Likewise, prior to MRgFUS, within the context of the informed consent discussion, the patient should be informed regarding the absence of a pre-interventional histological confirmation of the presumed uterine fibroids, as is the case with all other organ-conserving myoma therapies (see also the statement of the DGGG [German Society of Gynecology and Obstetrics] “Implementation of the Medical Devices Act – Gynecological Morcellators” dated 08/29/2014).
Indications for MRgFUS Therapy
A symptomatic uterine fibroid is an indication for MRgFUS treatment.
The uterine fibroid must be in a position location that allows safe access to the myoma for the MRgFUS. The presence of more than five myomas hinders the treatment. In cases of myomas with a diameter greater than 10 cm, MRgFUS therapy should be critically reviewed due to the large volume of the myoma and resulting extended treatment time.
MRgFUS represents an alternative to surgical and medication-based procedures as well as UAE. The basis for the choice of therapy should be the aim of the treatment as well as the patientʼs desire. Given technical feasibility, MRgFUS represents a good option for patients desiring a minimally-invasive procedure.
Success Criteria for MRgFUS Therapy
The goal of therapy using focused ultrasound should be the largest possible non-perfused volume (NPV).
The improvement or disappearance of myoma-related symptoms should be the result of successful MRgFUS treatment. Although a reduction in volume is desired, it is considered a secondary therapeutic goal.
Contraindications for MRgFUS Therapy
Suspicion of malignancy (absolute)
Acute inflammatory process (absolute)
Pedunculated subserosal fibroids (absolute)
No sufficiently accessible acoustic window for treatment (e.g. intestine in the planned path of the ultrasound beam) (absolute)
Uterine fibroids with more than 5 myomas (relative, case-by-case decision)
Uterine myomas with diameter greater than 10 cm (relative, case-by-case decision)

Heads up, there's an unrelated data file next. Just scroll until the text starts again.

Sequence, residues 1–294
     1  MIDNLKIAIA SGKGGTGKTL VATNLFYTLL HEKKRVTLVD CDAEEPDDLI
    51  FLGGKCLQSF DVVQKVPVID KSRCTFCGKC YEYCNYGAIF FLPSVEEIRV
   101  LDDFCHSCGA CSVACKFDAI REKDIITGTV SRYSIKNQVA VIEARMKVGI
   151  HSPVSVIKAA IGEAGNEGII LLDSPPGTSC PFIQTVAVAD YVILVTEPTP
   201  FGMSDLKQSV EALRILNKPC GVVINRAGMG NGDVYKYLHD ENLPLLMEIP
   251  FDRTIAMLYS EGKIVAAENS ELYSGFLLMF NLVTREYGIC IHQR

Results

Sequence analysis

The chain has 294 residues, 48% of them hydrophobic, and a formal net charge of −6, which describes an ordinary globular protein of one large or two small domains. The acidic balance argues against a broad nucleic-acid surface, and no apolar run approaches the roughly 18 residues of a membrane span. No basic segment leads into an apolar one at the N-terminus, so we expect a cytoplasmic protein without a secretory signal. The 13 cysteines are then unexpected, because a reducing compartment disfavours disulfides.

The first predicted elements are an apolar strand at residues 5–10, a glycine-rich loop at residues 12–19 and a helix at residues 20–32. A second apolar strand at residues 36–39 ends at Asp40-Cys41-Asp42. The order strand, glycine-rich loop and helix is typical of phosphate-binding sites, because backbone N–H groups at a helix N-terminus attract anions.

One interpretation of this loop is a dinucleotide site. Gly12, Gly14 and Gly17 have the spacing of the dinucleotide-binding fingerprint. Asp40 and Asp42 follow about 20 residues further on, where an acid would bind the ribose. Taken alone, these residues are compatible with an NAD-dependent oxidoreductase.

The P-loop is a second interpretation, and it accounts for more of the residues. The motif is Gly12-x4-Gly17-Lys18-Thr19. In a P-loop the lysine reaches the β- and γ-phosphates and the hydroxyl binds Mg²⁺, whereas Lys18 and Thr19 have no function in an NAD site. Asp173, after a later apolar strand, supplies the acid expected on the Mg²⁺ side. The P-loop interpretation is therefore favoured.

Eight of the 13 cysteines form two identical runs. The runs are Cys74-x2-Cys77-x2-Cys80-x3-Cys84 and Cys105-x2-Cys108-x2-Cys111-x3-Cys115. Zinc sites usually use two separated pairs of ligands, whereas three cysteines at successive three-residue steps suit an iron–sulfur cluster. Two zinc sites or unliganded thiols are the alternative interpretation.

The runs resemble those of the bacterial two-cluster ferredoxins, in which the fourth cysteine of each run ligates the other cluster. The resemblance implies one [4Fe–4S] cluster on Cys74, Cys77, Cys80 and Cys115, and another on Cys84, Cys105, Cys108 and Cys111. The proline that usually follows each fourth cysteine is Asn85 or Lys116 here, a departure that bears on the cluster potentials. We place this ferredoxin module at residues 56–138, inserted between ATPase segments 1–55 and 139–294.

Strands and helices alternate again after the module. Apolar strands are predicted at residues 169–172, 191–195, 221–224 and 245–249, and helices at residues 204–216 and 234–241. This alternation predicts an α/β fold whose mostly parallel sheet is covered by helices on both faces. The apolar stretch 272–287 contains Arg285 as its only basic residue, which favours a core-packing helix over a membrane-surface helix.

Large scars in acoustic window (relative)
Myoma in posterior wall or near os sacrum (relative)
General contraindications with respect to MR contrast media (relative)
Relative and absolute MRI contraindications
Data regarding interactions between MRgFUS and ulipristal acetate is insufficient and requires additional studies.
MRgFUS Therapy for Patients Wishing to Become Pregnant
Previous case reports indicate that pregnancy is possible after MRgFUS and can be successfully accomplished, but there are still insufficient data for a recommendation.
Side Effects/Complications of MRgFUS Therapy
Related side effects and complications during and after MRgFUS treatment are rare:
Inflammation of subcutaneous adipose tissue and musculature of the abdominal wall
Paresthesia of the leg due to nerve irritation or damage
Deep leg vein thrombosis (very rare)
Bowel perforation (extremely rare).
After therapy, tissue components may be discharged vaginally. Increased and/or irregular bleeding may occur up to approx. three months after treatment.
Post-treatment Examination after MRgFUS Therapy
Post-treatment examination by a specialist is recommended approx. 6 months after MRgFUS. Imaging procedures are useful (i.e. sonography in conjunction with Doppler sonography, MRI). Further clarification is required if the therapy is unsuccessful (no improvement of symptoms and/or size progression of the myoma), or there are abnormalities in the imaging (increase in size of myoma(s) or uterus).
Based upon available data and experience, a revision of recommendations for MRgFUS therapy of myomas is planned in about two years.
Dr. med. Alexander Beck/Berlin
Prof. Dr. med. Gerlinde Debus/Dachau
Prof. Dr. med. Markus Düx/Frankfurt a. M.
Prof. Dr. med. Dr. phil. Andreas Ebert/Berlin
Prof. Dr. med. Peyman Hadji/Frankfurt a. M.
Dr. med. Thomas Hess/Winterthur (Switzerland)
Dr. med. Friederike Hoellen/Lübeck
PD Dr. med. Peter Hunold/Lübeck
Dr. med. Hans-Christian Kolberg/Bottrop
Dr. med. Matthias Matzko/Dachau
PD Dr. med. Stefan Rimbach/Feldkirch (Austria)
PD Dr. med. Christoph Trumm/Munich
Participating Professional Associations and Working Groups
AGE, Arbeitsgemeinschaft Gynäkologische Endoskopie der DGGG (Gynecological Endoscopy Working Group of the German Society of Gynecology and Obstetrics)
AGO, Arbeitsgemeinschaft Gynäkologische Onkologie der DGGG (Gynecological Oncology Working Group of the German Society of Gynecology and Obstetrics)
Berufsverband der Frauenärzte e. V. (Professional Association of Gynecologists)
DeGIR, Deutsche Gesellschaft für Interventionelle Radiologie und minimal-invasive Therapie (German Society for Interventional Radiology and Microinvasive Therapy)
DGGEF, Arbeitsgemeinschaft Gynäkologische Endokrinologie und Fortpflanzungsmedizin e. V. (Working Group for Gynecological Endocrinology and Reproductive Medicine)
DGGG, Deutsche Gesellschaft für Gynäkologie und Geburtshilfe (German Society of Gynecology and Obstetrics)
DRG, Deutsche Röntgengesellschaft (German X-ray Society)
SSVIR, Swiss Society of Vascular and Interventional Radiology
Fortschr Röntgenstr 2015; 187: 480–482 © Georg Thieme Verlag KG Stuttgart · New York · ISSN 1438-9029
# To be distinguished from non-MR-guided methods for the application of focused ultrasound.
* On behalf of the participants of the Consensus Meeting.